In the language of the native American Hopi tribe “Koyaanisqatsi” means life out of balance, moral decline, chaos. If ever there was a film to record the clash between man and nature, technology and the self, then it is this extraordinary achievement by Godfrey Reggio. A psychedelic kaleidoscope of images, filmed with never-before used technical means, enchantingly adorned with the minimalist sounds of Phillip Glass, featuring an evocative montage and sensational photography the film is elevated to an audiovisual poem, a unique film which Francis Ford Coppola took on, in the capacity of producer, and successfully introduced to the whole world.
USA | 1982 | COLOR | DCP | 86' | ENGLISH, HOPI
Koyaanisqatsi in Hopi means life off balance, in a moral fall, chaos. If there is a film showing the fall of Man from Nature and himself, is this achievement by Godfrey Reggio and Ron Fricke. In 1982 nothing prepared us for ‘Koyaanisqatsi’.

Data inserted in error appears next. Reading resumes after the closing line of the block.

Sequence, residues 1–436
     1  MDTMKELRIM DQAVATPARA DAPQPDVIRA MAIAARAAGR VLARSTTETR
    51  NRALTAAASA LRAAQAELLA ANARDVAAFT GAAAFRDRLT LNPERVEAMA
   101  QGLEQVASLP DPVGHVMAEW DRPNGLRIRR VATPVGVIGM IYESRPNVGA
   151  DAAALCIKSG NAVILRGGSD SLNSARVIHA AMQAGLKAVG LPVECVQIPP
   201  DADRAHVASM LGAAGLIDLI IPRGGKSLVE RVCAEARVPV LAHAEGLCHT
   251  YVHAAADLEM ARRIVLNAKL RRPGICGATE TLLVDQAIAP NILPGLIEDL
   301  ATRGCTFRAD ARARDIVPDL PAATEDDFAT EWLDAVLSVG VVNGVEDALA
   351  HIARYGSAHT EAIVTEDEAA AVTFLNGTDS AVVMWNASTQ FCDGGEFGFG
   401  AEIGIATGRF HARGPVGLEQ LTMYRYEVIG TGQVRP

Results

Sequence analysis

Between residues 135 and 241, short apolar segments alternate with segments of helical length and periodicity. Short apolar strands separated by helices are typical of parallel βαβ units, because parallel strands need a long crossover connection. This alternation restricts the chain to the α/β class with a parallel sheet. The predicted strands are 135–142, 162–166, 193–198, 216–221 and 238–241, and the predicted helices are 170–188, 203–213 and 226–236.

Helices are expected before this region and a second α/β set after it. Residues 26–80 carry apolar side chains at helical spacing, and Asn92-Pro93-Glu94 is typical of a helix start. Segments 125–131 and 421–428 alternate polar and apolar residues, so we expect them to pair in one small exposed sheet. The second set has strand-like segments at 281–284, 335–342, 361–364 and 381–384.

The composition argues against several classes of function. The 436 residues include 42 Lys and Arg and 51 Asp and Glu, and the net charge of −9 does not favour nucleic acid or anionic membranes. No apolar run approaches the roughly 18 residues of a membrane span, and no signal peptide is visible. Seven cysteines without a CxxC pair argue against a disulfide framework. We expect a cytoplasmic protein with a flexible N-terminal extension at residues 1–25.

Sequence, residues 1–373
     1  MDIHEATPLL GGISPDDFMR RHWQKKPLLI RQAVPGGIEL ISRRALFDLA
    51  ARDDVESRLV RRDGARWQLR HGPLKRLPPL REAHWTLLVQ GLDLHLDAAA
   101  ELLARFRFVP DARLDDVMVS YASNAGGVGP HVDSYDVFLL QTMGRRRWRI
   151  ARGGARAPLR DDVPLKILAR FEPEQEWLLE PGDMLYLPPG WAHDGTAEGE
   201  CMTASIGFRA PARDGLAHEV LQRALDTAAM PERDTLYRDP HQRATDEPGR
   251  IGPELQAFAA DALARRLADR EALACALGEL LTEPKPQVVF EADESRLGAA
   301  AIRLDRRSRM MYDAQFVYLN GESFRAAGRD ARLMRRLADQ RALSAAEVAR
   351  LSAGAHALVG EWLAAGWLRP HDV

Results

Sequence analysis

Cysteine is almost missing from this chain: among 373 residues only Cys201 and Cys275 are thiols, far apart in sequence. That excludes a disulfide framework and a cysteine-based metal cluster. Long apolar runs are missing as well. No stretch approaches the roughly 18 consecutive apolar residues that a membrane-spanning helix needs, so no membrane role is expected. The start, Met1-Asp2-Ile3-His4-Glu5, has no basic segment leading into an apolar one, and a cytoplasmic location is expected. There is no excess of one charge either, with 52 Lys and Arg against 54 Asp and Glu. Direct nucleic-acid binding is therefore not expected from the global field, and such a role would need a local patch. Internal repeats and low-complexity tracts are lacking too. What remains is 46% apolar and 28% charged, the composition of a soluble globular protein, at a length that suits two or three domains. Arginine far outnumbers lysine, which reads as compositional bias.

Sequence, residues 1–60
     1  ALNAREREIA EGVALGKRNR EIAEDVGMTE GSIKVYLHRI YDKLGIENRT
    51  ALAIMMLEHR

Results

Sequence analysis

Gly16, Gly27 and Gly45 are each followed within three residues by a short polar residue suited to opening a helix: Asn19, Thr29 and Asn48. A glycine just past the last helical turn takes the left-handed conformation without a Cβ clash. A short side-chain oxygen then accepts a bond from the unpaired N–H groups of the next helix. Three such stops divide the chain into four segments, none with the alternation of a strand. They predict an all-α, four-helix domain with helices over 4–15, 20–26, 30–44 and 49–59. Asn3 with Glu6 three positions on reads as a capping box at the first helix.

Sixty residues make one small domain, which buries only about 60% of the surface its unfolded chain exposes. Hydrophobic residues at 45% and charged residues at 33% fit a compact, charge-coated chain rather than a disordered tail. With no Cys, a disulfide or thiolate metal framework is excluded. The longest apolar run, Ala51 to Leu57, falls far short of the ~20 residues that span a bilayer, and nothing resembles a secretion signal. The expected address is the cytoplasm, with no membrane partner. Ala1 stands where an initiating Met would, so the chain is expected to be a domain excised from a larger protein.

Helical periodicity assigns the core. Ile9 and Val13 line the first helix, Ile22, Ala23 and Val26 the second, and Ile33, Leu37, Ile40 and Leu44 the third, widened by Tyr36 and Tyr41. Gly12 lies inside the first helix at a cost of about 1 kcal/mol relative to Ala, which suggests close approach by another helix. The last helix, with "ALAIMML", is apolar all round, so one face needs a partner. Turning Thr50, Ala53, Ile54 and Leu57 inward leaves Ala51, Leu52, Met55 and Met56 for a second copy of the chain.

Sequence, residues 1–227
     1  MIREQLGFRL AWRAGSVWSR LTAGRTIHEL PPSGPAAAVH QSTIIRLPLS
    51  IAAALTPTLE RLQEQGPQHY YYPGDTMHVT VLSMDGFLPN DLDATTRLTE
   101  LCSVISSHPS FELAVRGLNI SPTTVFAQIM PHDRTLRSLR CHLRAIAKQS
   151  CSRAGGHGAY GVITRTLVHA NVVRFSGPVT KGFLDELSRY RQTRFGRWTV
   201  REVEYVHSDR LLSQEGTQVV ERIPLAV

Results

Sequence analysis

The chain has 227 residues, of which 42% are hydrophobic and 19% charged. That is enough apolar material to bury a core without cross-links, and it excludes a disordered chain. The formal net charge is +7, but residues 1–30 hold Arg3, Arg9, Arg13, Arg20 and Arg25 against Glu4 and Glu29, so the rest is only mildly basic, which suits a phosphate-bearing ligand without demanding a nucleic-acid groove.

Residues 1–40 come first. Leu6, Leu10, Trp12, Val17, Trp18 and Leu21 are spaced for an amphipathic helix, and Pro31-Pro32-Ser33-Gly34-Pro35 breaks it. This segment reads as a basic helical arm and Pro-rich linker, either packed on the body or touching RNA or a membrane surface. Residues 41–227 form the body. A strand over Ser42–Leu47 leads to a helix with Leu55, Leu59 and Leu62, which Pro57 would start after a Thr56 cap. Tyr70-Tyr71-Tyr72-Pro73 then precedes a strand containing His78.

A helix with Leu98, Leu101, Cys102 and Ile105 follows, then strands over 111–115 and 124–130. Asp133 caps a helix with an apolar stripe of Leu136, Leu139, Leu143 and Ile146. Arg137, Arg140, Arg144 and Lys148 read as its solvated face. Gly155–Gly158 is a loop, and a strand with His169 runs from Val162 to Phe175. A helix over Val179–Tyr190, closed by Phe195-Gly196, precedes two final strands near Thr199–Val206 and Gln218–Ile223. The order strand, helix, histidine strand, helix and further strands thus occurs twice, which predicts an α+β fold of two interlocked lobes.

A realistic yet psychedelic morality tale, unprecedently narrated through the time-lapse technique, where a steady camera is filming continuously the same subject for hours and the film is later on projected in a demonic speed. Under the archaic-like choir and electronic sounds of Philip Glass' hypnotic minimalism, ‘Koyaanisqatsi’ is a dreamy depiction of modern darkness and a woeful cultural cry for human recall. I.D.
DIRECTOR: Godfrey Reggio
SCREENWRITERS: Ron Fricke, Godfrey Reggio, Michael Hoenig, Alton Walpole
DoP: Ron Fricke
MUSIC: Philip Glass
EDITORS: Ron Fricke, Alton Walpole
Born in 1940 in New Orleans. His religious and humanitarian work is tremendous. He has done experimental documentaries focusing on the relationship between man and technology. Director of the trilogy ‘Qatsi’ – comprising of ‘Koyaanisqatsi’ (1982), ‘Powaqqatsi (1988) and Naqoyqatsi (2002).
1992 Anima Mundi
1989 Patricia's Park